15. SWF operations and activities in host countries should be conducted in compliance with all applicable regulatory and disclosure requirements of the countries in which they operate.
The Guardians does not conduct day-to-day operations or activities in foreign countries. Local legal and tax advice is obtained when the NZ Super Fund is making investments in overseas entities to ensure compliance with local laws. Through third-party sources, the Guardians actively monitors legislative developments in jurisdictions in which the NZ Super Fund makes/manages investments.
16. The governance framework and objectives, as well as the manner in which the SWF’s management is operationally independent from the owner, should be publicly disclosed.
Information on our governance framework, objectives, how we invest and our operational independence from the New Zealand Government is set out in our enabling legislation and published on our website and within our Annual Report and Statement of Intent.
Links to the legislation, the controls on and independence of the Board, and to our Annual Reports, Statements of Intent and Statements of Performance Expectations are provided in responses to preceding GAPPs.
17. Relevant financial information regarding the SWF should be publicly disclosed to demonstrate its economic and financial orientation, so as to contribute to stability in international financial markets and enhance trust in recipient countries.
Audited financial accounts for the NZ Super Fund are published in our Annual Report (which is tabled in Parliament), and unaudited prospective financial statements in our Statement of Performance Expectations. These are public documents and links to them have been provided under preceding GAPPs.
Our website includes detailed information on NZ Super Fund performance, including explanations of our two investment performance benchmarks:
Passive Reference Portfolio benchmark – against which we measure the value added to the Fund by the Guardians’ active investment strategies; and
Treasury Bills - a measure of the cost to the Government of contributing capital to the Fund, instead of using the money to pay back debt.
Our Statement of Intent sets out our expectation that the NZ Super Fund will outperform the Treasury Bill benchmark by at least 2.8% p.a. averaged over rolling 20 year periods.
We provide a breakdown of the drivers of value add annually, in our Annual Reports, along with an overview of portfolio activity during the year.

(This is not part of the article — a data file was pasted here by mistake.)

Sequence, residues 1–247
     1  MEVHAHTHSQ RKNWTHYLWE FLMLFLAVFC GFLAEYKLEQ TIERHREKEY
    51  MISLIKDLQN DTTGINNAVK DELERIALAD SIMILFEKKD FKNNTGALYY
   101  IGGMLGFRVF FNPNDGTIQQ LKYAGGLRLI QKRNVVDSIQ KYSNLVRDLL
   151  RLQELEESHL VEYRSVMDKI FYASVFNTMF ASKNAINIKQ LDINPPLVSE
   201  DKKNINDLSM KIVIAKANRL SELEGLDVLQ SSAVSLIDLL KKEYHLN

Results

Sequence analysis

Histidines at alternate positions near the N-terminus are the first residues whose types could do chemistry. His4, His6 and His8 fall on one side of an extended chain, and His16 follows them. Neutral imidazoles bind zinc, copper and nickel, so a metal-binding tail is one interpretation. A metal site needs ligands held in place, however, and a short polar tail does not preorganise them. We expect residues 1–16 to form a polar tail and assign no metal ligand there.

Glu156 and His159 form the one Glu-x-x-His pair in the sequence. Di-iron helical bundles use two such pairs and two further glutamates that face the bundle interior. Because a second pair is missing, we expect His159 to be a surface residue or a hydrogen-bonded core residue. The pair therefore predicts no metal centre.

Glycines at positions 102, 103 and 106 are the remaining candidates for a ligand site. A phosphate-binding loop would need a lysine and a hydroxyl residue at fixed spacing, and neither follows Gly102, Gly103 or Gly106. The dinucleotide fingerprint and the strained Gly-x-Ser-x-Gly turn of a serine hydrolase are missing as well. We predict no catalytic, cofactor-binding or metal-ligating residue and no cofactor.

Investment performance information since inception, and over the last one, five and ten year periods, is updated on our website on a monthly basis here.
Our website also includes detailed information on ‘how we invest’ (including on our investment beliefs and endowments, balancing risk and return, our portfolio, investment managers and responsible investment)
A list of the NZ Super Fund’s portfolio holdings is also published six-monthly.
Pillar 3: Investment
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18. The SWF’s investment policy should be clear and consistent with its defined objectives, risk tolerance, and investment strategy, as set by the owner or the governing body(ies), and be based on sound portfolio management principles.
18.1. The investment policy should guide the SWF’s financial risk exposures and the possible use of leverage.
18.2. The investment policy should address the extent to which internal and/or external investment managers are used, the range of their activities and authority, and the process by which they are selected and their performance monitored.
18.3. A description of the investment policy of the SWF should be publicly disclosed.
Our legislation requires us to establish and adhere to a Statement of Investment Policies, Standards and Practices (SIPSP) for the NZ Super Fund that is consistent with the statutory objective of investing the Fund on a prudent, commercial basis and in a manner consistent with best practice portfolio management, maximising return without undue risk and avoiding prejudice to New Zealand’s reputation as a responsible member of the world community.
The SIPSP is reviewed annually and is publicly available on our website.
This link also provides access to the various policies that sit beneath the SIPSP and are referred to within it. The matters covered by the NZ Super Fund SIPSP include: the classes of investments in which the Fund is to be invested and the selection criteria for investments within those classes; the determination of benchmarks against which the performance of the Fund as a whole, and classes of investments and individual investments will be assessed; the balance between risk and return in the overall Fund portfolio; and the use of derivatives.
Our Investment Risk Allocation Policy (which is publicly available at the above link) includes the investment constraints (risk appetite) set by the Board. Our governing legislation does not permit borrowing in respect of the Fund except with the consent of the Minister of Finance.
Our Externally Managed Investments Policy covers how we invest with external managers, including, manager selection, appointment, monitoring and reporting. Our Portfolio Completion and Internally Managed Securities Policy covers our use of internal mandates. These policies are publicly available at the above link.
We have also published to our website a series of white papers and informational videos and commentary, explaining various aspects of our investment process (including our Reference Portfolio, diversification, selection of asset managers, and our view of long-term investing). The in-depth commentary and videos on how we invest are here and the White Papers (and other disclosures) are here.